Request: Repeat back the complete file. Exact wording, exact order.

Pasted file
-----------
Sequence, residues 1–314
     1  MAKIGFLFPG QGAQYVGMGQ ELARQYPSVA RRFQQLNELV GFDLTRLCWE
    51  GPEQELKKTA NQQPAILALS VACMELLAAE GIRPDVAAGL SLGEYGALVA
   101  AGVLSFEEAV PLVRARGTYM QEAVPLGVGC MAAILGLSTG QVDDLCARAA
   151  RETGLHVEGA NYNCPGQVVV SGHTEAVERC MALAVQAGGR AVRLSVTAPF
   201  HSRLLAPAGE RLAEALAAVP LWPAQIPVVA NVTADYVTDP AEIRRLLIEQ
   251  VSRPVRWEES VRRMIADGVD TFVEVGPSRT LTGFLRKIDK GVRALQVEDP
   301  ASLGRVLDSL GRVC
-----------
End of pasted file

Sequence, residues 1–314
     1  MAKIGFLFPG QGAQYVGMGQ ELARQYPSVA RRFQQLNELV GFDLTRLCWE
    51  GPEQELKKTA NQQPAILALS VACMELLAAE GIRPDVAAGL SLGEYGALVA
   101  AGVLSFEEAV PLVRARGTYM QEAVPLGVGC MAAILGLSTG QVDDLCARAA
   151  RETGLHVEGA NYNCPGQVVV SGHTEAVERC MALAVQAGGR AVRLSVTAPF
   201  HSRLLAPAGE RLAEALAAVP LWPAQIPVVA NVTADYVTDP AEIRRLLIEQ
   251  VSRPVRWEES VRRMIADGVD TFVEVGPSRT LTGFLRKIDK GVRALQVEDP
   301  ASLGRVLDSL GRVC